No word on Kitzhaber’s career shooting percentage.

Baseball, Politics

Shedding a Political Past

mccainspecterThat Reminds Me of a Story…

I think the wonderful line is attributable to former Wyoming Senator Alan Simpson. At least I’ll give him credit. It sounds like something he would have said.

When asked if there is any cure for the “disease of politics,” the crusty old GOP moderate replied: “Yup, embalming fluid.”

I have been thinking about that line in connection with the U.S. Senate primary races underway in Arizona, where John McCain is doing everything he can to get rid of any hint that he was once the Senate’s biggest maverick, and in Pennsylvania, where Arlen Specter is running away from his 40-plus years as a Republican.

There is much to lament these days in our politics, but it is downright sad to see guys like McCain and Specter abandon character right along with the policies they have embraced for years. I know, it’s all about political survival in this toxic environment, but they still have to look themselves in the mirror every morning when they lather up. You wonder how they do it.

McCain has embraced the controversial Arizona immigration law like the born again Tea Party activist that he has become. This despite his courageous bi-partisan efforts – with Ted Kennedy – to force action on an immigration strategy that might have actually helped address the problem. McCain’s new TV spot features him walking along the Arizona-Mexico border talking tough with a sheriff about finishing “the dang fence,” a policy he once dismissed as ineffective.

Specter is running TV spots featuring President Obama saying nice things about him after he cravenly switched parties in order, as he put it at the time, to have a chance of being re-elected to a sixth term. A few months ago Specter, then a Republican, voted against the confirmation of Elena Kagan to be solicitor general of the United States. Now that he’s a Democrat, he thinks Kagan looks a whole lot better as a Supreme Court nominee.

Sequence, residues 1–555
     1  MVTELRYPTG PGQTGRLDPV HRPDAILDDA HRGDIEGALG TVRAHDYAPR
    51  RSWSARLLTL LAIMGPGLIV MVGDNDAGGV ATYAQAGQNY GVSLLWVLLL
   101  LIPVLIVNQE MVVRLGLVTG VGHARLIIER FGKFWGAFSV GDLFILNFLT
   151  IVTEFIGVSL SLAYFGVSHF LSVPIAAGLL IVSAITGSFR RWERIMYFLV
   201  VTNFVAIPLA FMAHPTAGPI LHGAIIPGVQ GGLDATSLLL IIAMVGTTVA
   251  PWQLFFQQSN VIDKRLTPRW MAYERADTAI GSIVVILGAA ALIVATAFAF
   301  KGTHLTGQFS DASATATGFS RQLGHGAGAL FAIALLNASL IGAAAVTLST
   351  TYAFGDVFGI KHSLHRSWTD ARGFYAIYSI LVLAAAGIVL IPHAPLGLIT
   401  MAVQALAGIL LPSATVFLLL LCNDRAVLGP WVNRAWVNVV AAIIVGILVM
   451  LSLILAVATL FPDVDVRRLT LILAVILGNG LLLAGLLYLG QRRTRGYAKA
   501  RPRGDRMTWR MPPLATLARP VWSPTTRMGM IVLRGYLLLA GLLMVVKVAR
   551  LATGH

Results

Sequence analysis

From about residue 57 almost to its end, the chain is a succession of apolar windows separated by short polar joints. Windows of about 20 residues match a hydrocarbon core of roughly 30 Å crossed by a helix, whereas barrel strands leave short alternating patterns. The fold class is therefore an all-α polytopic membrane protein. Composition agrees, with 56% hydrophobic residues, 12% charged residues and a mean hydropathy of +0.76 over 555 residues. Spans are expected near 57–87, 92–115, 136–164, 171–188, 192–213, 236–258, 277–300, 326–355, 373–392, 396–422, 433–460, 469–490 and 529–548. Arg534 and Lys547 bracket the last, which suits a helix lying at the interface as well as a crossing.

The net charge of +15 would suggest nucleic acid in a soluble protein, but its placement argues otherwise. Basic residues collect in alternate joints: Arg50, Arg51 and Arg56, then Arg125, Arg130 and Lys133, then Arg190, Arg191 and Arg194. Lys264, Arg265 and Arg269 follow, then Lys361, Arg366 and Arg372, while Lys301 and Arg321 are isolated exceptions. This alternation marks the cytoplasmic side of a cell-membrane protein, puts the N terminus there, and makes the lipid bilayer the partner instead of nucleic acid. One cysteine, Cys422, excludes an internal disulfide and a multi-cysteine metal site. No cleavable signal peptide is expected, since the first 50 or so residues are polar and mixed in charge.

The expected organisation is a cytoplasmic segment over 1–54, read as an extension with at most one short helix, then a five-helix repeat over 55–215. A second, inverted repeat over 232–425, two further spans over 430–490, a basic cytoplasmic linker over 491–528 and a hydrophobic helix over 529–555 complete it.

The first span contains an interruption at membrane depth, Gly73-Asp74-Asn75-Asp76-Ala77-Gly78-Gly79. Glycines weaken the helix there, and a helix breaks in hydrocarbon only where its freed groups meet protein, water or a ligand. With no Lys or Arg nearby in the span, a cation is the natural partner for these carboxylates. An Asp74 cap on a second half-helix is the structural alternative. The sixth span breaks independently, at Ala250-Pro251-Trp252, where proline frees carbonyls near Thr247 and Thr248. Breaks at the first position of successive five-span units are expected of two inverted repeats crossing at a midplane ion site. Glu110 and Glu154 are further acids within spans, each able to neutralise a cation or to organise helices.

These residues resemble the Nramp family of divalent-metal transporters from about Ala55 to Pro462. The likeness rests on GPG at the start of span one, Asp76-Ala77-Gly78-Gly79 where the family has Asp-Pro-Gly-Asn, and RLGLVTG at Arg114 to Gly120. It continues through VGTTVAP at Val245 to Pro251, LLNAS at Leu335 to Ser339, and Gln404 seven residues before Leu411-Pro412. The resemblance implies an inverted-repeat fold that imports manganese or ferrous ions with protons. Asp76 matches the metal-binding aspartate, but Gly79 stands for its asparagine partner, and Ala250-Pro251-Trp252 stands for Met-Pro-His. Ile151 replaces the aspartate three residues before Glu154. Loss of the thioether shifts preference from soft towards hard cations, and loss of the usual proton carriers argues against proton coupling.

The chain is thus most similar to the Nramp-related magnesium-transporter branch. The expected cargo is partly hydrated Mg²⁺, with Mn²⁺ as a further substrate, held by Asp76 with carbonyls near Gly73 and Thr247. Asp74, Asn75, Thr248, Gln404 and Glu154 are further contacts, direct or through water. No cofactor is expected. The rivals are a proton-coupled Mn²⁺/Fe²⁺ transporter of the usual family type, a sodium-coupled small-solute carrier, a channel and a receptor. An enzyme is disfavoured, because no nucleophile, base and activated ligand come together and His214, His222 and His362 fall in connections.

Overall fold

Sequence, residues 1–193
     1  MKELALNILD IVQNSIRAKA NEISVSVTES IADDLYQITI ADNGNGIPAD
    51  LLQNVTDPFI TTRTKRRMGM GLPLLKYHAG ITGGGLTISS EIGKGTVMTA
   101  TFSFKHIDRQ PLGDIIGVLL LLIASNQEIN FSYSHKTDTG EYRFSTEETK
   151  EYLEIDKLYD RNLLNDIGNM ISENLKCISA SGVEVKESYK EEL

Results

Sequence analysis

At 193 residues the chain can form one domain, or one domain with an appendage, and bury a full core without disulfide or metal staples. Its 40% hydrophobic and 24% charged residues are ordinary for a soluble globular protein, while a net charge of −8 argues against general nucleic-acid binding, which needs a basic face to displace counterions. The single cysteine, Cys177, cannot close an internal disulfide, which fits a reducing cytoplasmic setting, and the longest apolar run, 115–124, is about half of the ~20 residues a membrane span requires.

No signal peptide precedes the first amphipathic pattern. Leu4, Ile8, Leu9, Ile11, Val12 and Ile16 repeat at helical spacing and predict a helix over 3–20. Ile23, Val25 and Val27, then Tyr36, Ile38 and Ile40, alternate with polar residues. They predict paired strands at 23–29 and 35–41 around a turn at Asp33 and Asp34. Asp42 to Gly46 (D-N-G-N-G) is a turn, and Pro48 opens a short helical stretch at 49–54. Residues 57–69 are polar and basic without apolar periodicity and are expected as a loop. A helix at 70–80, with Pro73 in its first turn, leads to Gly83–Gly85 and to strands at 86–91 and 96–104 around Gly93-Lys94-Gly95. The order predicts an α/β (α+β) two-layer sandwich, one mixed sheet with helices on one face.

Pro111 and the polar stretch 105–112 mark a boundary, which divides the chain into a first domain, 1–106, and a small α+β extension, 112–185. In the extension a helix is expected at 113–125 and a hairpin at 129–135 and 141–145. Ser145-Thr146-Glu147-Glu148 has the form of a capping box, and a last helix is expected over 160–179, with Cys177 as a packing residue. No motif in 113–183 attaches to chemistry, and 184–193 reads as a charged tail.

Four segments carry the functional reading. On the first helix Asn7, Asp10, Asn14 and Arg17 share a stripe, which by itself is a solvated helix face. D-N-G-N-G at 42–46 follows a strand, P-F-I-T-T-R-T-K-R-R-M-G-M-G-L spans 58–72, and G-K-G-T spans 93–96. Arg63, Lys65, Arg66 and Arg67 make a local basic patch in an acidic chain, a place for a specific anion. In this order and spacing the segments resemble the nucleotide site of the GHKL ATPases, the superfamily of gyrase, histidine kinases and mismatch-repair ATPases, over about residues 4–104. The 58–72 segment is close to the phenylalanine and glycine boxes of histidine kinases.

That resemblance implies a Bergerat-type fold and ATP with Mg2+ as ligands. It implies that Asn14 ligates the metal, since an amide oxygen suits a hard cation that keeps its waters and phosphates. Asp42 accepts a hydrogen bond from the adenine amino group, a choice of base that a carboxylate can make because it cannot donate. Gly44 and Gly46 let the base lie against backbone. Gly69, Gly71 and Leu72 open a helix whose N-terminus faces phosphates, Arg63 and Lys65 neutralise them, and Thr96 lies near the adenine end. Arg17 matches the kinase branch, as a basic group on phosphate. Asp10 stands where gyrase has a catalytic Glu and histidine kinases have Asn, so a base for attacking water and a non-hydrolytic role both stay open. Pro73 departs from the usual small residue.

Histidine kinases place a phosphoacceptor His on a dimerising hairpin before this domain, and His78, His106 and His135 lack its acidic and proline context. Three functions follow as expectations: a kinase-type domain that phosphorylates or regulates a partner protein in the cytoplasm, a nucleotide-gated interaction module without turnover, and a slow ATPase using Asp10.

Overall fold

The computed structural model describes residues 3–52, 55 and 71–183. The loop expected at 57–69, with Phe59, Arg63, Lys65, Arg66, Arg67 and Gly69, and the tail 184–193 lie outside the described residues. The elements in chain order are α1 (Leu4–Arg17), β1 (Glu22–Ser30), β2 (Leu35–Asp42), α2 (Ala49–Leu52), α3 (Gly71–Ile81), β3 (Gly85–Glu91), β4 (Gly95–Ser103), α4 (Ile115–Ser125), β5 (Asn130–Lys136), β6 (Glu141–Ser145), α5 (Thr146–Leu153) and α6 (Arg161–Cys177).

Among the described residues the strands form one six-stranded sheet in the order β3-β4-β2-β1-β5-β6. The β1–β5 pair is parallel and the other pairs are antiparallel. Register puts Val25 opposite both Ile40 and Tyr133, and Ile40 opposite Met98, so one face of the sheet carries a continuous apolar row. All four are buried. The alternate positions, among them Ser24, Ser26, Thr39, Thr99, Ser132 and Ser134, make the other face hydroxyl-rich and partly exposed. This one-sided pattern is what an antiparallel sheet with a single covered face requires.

These guys, both admirable in past lives because of their cranky independence, have succumbed to the political disease to such a degree that they appear ready to do and say almost anything to hang on to high public office. Make way the embalming fluid.

And while it may be true, in Emerson’s famous phrase, that “a foolish consistency is the hobgoblin of little minds, adored by little statesmen and philosophers and divines.” We’ll see soon enough if voters agree.

The real point of the famous essay – Self-Reliance – that Emerson’s “foolish consistency” line is plucked from is contained at the very end.

“A political victory, a rise of rents, the recovery of your sick, or the return of your absent friend, or some other favorable event, raises your spirits, and you think good days are preparing for you. Do not believe it. Nothing can bring you peace but yourself. Nothing can bring you peace but the triumph of principles.”

Principle is taking a beating in these two races.

Baseball, Governors, Great Britain, Politics

Second Acts

brownBeen There, Done That

You have to wonder why Jerry Brown would want the job. California, among the biggest economies in the world, is flat broke; $20 billion – with a B – in debt. The state has spent the last few years dismantling a world-class higher education system and the politics in Sacramento are nearly as toxic as Washington, D.C. Still, Brown is one of five former governors – Maryland’s Bob Ehrlich is the latest – who are seeking to get their old jobs back.

The Oregonian’s political reporter Jeff Mapes had a piece yesterday on the phenomenon – he was nice enough to call and visit about my experience – of just what it is about the governorship that appeals to people who have been there, done that.